Referring to FIG. 4, as the two encoder plates move with respect to one another, the output pads 50 will traverse the gap 48. As this happens, the overlap between the output pads 50 and the areas 44 and 46 will vary linearly. The input signals Asinωt and -Asinωt will be capacitively coupled to the pad 50 by an amount which is determined by the degree of overlap betwen the areas 44 and 46 on the pad 50, respectively. Thus, when the pad 50 is overlapping only the area 44, the signal Asinωt will be coupled to the pad. Similarly, when the pad overlaps only the area 46, the signal -Asinωt will be coupled to the pad. When the pad overlaps part of each area as shown in FIG. 4, both input signals will be coupled to the output pad. The degree of coupling is dependent upon the amount of overlap between the pad and the respective areas. Thus, as the pad 50 traverses the gap 48, it will provide an output signal which is a sine wave whose peak amplitude is modulated in a linear fashion, as illustrated in FIG. 5. When the degree of overlap between the pad 50 and the input areas 44 and 46 is equal, as illustrated in FIG. 4, the contribution of each of the input signals will be equal and they will therefore cancel each other out. Thus, a null signal as indicated at 52 in FIG. 5 will result. When the pad overlaps the area 44 to a greater extent than the area 46, the output signal will be equal to AsinΩt reduced in amplitude by the contribution of the signal -Asinωt, and when the pad 50 overlaps the area 46 to a greater extent than the area 44, the signal on the output pad will be equal to -Asinωt reduced in amplitude by the contribution of the signal Asinωt.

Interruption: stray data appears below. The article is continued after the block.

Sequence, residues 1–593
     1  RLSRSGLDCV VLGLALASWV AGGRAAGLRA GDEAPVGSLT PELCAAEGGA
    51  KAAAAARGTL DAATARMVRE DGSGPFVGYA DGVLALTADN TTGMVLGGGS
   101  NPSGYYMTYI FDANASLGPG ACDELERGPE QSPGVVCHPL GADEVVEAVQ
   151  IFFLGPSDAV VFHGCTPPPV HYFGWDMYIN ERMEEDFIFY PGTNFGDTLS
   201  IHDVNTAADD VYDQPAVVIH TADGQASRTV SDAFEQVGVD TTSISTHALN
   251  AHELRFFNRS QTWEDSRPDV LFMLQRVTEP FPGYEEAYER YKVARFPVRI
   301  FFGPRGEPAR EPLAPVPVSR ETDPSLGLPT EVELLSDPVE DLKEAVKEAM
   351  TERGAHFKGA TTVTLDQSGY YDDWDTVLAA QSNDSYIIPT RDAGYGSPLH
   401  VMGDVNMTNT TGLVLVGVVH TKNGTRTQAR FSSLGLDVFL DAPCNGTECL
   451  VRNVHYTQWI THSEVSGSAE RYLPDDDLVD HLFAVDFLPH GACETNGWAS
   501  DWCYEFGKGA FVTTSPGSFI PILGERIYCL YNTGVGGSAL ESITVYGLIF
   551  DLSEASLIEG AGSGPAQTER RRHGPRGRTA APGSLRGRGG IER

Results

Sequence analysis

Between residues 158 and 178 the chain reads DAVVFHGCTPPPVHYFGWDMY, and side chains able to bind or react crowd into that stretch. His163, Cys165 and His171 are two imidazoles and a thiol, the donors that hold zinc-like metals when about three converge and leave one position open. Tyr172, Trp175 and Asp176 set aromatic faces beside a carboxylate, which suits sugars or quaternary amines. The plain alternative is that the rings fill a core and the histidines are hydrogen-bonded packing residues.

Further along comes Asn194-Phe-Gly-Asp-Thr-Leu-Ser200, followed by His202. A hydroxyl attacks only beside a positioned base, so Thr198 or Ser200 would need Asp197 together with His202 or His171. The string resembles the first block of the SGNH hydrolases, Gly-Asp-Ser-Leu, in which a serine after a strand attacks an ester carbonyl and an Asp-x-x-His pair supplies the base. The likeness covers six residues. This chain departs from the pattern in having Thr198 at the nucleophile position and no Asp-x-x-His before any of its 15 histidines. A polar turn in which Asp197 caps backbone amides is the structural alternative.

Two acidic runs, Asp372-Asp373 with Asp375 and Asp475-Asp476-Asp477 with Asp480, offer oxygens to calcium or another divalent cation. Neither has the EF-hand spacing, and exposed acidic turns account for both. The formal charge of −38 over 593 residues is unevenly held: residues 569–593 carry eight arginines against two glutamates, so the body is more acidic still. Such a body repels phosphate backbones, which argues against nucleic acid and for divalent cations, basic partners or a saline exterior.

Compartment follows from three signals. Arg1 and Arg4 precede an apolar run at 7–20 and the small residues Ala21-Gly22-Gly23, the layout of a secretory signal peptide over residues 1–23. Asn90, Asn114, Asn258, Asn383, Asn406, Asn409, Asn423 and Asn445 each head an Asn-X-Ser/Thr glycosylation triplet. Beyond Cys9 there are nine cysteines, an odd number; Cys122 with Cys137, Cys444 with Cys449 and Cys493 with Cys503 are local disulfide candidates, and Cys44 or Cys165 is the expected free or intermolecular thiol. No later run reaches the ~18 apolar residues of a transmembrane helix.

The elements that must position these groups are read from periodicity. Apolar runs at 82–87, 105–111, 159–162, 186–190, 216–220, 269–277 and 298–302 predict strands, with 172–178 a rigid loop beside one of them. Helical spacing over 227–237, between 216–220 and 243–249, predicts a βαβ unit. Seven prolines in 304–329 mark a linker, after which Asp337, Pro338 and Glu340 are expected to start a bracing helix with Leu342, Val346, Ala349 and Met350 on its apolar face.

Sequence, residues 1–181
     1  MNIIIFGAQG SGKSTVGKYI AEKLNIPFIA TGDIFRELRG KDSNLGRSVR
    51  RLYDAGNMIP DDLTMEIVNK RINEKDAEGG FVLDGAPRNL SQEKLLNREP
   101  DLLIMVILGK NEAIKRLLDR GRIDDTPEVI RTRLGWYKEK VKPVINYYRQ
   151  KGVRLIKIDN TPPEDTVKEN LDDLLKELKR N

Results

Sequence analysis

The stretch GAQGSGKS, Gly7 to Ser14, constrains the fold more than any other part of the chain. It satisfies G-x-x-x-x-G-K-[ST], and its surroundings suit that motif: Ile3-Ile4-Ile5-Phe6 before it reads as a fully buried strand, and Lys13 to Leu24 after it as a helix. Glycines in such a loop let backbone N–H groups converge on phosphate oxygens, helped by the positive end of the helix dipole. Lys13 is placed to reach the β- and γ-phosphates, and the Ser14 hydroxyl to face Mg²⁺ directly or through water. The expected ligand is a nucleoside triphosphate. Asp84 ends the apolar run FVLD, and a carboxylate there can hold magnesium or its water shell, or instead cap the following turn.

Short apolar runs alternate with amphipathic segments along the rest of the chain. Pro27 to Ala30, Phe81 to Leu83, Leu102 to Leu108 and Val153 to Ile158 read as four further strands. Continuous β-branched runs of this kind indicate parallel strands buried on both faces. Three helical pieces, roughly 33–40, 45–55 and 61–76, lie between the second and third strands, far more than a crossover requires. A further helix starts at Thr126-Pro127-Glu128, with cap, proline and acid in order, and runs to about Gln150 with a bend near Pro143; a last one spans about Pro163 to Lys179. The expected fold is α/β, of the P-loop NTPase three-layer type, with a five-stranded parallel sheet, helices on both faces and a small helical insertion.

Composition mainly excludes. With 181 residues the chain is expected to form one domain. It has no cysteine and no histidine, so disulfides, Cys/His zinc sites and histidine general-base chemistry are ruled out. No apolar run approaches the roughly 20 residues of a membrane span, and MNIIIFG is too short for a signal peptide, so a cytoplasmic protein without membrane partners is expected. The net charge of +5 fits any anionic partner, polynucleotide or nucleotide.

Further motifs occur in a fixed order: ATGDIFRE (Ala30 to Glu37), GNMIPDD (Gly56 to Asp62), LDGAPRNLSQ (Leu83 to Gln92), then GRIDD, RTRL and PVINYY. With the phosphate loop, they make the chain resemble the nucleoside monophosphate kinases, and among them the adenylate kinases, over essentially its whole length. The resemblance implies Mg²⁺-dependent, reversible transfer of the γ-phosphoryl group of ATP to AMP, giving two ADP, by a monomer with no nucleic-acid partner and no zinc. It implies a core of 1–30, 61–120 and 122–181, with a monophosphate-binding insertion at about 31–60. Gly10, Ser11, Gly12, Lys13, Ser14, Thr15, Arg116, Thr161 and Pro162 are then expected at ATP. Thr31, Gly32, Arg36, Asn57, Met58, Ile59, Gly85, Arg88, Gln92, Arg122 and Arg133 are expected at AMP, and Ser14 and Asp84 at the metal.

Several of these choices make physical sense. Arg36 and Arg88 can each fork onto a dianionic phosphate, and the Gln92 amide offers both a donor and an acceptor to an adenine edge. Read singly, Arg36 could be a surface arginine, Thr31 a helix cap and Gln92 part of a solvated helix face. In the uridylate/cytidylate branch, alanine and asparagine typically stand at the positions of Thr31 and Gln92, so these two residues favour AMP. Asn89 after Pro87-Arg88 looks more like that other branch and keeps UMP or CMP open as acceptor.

Thus, the signal envelope at each output pads will vary linearly and a null signal will be produced at each output pad whenever it overlaps the input areas 44 and 46 equally. Since the output pads 50-0 through 50-15 are each positioned differently with respect to the gap 48 (FIG. 3), each output pad will provide a null signal corresponding to a different position of the plates with respect to one another. Null signals at adjacent pads will correspond to the spacing between the pads. Thus, a null signal will be generated for each Cp /16 amount of relative movement between the plates. This situation is indicated in FIG. 6 for pads 50-0 through 50-8. The output signal at each pad will have the same form but will be offset with respect to other pads by an amount equal to some multiple of Cp /16.